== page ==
4. C/C++: I regret not having good grounding in low level programming fundamentals, as I still struggle when I have to write complicated C code, but I've learned to deal with it. Granted, I am not interested in systems. i do regret not being able to write the fastest program for my experiments, but I think there are more interesting aspects of computer science. In any case, you can't go wrong with C/C++, I guess.

These are just some thoughts, I know I didn't give you an answer, but I hope some of that helps. I would probably go with Python if I were you.
posted by albatross84 at 7:44 PM on January 25, 2010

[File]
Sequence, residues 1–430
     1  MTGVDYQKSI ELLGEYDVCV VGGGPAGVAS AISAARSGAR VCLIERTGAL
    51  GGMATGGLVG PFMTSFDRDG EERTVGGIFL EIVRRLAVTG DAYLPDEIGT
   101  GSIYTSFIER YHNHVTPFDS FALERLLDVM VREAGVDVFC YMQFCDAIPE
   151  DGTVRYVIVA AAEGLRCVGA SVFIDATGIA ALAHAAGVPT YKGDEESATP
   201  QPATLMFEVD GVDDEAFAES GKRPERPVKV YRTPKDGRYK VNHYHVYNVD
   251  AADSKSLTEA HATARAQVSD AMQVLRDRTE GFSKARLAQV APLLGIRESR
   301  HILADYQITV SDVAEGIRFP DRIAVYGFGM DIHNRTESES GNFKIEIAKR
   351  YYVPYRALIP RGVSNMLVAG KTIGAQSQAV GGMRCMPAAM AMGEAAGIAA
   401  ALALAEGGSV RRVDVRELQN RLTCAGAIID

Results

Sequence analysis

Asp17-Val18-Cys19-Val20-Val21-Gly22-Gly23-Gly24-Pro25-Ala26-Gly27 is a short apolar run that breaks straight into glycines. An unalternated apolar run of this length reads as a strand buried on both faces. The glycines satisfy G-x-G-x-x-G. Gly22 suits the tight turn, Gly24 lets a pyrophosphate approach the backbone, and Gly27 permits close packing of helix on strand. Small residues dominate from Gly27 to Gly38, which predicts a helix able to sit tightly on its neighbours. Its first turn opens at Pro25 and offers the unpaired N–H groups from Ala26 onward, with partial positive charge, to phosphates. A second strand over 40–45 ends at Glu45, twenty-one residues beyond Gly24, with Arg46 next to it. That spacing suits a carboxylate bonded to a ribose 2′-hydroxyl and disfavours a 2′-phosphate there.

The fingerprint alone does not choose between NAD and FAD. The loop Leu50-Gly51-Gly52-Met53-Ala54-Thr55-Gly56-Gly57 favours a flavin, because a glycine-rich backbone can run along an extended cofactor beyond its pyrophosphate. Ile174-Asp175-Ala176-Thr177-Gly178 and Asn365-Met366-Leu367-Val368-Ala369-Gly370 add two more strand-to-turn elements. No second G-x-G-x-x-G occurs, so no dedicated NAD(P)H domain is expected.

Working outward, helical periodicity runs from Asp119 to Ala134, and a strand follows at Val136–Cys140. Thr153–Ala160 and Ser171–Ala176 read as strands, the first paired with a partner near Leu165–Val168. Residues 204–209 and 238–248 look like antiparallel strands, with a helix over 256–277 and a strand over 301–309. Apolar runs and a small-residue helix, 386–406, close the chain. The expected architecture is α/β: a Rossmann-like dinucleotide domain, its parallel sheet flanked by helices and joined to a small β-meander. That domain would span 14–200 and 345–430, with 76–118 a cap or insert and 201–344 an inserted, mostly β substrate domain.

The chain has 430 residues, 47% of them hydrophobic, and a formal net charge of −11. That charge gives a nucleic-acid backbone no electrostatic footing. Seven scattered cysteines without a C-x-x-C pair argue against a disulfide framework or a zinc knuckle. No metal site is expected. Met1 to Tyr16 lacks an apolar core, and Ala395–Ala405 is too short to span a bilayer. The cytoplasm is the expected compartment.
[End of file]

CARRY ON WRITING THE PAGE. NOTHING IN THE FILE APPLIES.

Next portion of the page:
I think you are being overly ambitious if you really plan to teach kids another language during AP CS and then teach them Java before the test. For many of these kids this will be their first CS course ever and you may not remember how hard it can be to generalize some language concepts when you're first starting out, but it is hard. I would expect a very disappointing pass rate if you spend the whole year teaching them the concepts in something other than Java and then try to shoehorn it all into Java in the last three weeks. Also, I think most of my AP classes fell pretty far behind by the end of the year and failed to get to the last month of content...which would be your Java content. Don't try this. Really, don't do it. I can't think of a single good reason other than your personal objections to Java.